Posted by on December 22, 2008 in An Answer from Limbo, Reviewed by John Self


The Luck of Ginger Coffey

Brian Moore, who died in 1999, was one of the few twentieth century novelists from Northern Ireland of real stature. He is sometimes referred to, inaccurately, as under-rated (in fact he’s highly rated, but woefully under-read); and as a writer’s writer, which is only true if the writer in question is Graham Greene, who considered Moore “my favourite living novelist.” In fact Moore is a reader’s writer through and through, marrying a real skill at storytelling with social insight and a giddy diversity of subject matter. All he needs is the readers.

The Luck of Ginger Coffey (1960) is saddled with a bulky title but turns out to be one of the very finest among the dozen or so books of his that I’ve read. To begin with, it is far lighter in tone than much of his work, from his earlier personality-driven pieces like The Lonely Passion of Judith Hearne or I am Mary Dunne to the later taut Booker-shortlisted thrillers The Colour of Blood and Lies of Silence.

The humour comes from the central figure of James Francis ‘Ginger’ Coffey, a fool and dreamer who has emigrated from Ireland to Canada (as Moore himself did in 1948). He tries to scam his way into jobs, he daydreams of a better life, he tries the patience of his long-suffering wife Veronica and daughter Paulie. When he loses a job:

[h]e economized by giving up their flat and moving to this cheap dump of a duplex. But he did not tell Veronica. For two weeks he sat in his rented office, searching the want ads in the newspapers, dodging out from time-to-time for half-hearted enquiries about jobs. But the trouble was, what his trouble always was. He had not finished his BA, the army years were wasted years, the jobs at Kylemore and Coomb-Na-Baun had not qualified him for any others. In six months he would be forty.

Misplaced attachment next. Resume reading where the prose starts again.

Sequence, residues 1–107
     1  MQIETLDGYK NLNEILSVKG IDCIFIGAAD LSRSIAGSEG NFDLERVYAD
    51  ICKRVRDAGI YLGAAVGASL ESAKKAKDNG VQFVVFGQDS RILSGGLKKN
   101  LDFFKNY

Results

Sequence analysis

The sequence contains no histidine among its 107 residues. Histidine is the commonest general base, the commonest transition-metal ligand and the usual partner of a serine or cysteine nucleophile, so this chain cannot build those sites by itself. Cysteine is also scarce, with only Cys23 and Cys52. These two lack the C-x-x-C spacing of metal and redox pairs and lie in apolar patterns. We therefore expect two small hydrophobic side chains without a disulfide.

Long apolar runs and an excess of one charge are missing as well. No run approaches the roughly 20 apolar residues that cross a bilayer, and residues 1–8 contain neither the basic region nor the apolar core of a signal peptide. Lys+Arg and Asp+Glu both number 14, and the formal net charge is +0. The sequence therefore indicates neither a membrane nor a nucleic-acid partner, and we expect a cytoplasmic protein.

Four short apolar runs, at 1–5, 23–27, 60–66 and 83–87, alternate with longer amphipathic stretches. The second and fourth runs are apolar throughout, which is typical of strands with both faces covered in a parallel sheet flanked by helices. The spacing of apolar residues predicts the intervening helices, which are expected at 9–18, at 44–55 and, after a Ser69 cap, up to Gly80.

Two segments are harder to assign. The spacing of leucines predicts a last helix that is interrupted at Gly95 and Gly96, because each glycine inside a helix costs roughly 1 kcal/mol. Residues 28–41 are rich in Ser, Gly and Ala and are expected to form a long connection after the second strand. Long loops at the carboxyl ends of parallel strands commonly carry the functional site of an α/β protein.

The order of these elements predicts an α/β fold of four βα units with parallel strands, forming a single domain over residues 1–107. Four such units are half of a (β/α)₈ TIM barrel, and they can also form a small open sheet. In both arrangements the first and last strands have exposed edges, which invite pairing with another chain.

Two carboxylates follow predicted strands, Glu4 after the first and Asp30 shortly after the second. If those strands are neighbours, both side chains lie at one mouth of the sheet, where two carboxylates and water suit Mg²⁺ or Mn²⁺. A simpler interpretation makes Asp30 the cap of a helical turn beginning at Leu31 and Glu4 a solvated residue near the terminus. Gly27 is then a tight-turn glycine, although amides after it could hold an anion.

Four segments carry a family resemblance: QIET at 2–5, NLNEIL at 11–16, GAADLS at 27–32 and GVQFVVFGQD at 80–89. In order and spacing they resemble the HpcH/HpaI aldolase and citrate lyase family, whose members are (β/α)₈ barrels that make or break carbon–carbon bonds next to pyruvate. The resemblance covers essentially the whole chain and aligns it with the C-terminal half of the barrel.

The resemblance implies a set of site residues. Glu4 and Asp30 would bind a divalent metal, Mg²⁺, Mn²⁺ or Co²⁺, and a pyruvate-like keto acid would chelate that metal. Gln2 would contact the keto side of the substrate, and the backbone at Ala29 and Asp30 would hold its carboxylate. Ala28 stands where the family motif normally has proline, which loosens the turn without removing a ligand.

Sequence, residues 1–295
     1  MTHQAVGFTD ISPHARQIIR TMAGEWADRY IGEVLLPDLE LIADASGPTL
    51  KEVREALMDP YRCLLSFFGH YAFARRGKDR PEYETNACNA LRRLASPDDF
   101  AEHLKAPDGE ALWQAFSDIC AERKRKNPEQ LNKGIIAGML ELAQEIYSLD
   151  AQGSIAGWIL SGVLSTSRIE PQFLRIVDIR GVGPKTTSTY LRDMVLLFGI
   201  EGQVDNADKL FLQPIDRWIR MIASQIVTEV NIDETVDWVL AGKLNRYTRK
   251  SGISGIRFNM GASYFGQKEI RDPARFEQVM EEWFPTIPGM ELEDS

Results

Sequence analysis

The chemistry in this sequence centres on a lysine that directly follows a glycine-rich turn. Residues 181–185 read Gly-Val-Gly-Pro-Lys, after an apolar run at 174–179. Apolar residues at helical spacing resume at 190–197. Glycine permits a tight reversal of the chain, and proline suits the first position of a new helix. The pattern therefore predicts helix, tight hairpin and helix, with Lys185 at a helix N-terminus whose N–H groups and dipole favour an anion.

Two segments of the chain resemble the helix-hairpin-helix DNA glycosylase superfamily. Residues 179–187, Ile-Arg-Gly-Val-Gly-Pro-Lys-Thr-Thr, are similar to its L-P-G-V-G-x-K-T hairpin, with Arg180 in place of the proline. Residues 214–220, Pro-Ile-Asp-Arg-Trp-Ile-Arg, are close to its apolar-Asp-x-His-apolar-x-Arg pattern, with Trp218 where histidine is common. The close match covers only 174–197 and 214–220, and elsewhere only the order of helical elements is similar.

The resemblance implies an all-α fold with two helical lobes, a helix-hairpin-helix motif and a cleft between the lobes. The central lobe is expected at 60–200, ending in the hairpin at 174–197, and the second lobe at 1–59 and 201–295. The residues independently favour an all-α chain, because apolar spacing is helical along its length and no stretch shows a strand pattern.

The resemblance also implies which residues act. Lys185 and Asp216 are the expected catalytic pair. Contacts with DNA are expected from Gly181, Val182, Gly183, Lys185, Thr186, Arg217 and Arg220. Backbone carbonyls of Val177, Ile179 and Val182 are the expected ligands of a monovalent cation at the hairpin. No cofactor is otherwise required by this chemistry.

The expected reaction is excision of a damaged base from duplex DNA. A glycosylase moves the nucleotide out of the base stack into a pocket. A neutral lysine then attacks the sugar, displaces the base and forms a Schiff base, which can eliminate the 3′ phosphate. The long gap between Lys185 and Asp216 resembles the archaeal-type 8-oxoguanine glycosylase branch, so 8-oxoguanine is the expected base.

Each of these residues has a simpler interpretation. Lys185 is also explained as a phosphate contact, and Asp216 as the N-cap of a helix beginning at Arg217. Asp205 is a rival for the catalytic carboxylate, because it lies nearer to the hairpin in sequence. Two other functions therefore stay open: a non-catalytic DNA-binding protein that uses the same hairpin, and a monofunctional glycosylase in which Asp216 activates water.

It’s difficult to explain what makes this novel so appealing. There is no fancy prose, no outlandish occurrences, no sense of boundaries stretched. And yet this is what makes it a success: it is an intimate story, perfectly done. It is full and satisfying by the end, and the only flaws I could detect were a couple of unsurprising plot developments. It is entertaining and page-turning but also rich in character: not only the central figures (and if there was any justice, the term ‘Walter Mitty character’ would by now have its own subset, the ‘Ginger Coffey character’) but the teeming hordes of minor figures who remain memorable despite their brief appearances. And Moore is adept at turning the mood to intense poignancy, such as when Coffey learns how much his fourteen year old daughter has grown up, when she threatens to leave home to live with her boyfriend:

He felt dizzy. He backed away from the door and sat down in the first chair his hand touched. In his mind, a child’s voice spoke: Do you like big elephants best of all, or do you like horses best of all? He remembered her asking that. Or: why do my dolly’s eyes stay open when she sleeps? Conversations which ended with him telling her something she did not know. Now, she had told him something he did not know.

I should add that it’s possible I got a further layer of pleasure from the feel of the Irish vernacular – not just the words, but the way they are delivered – which others might not share. Nonetheless, with The Luck of Ginger Coffey, Brian Moore has proved again his protean brilliance, and shown that a practically unknown book by a virtually unheard-of novelist can hit harder than the best loved and most well known. Only around a third of his twenty novels are in print in the UK, which in a better world would be close to a national scandal. Get them while they’re here.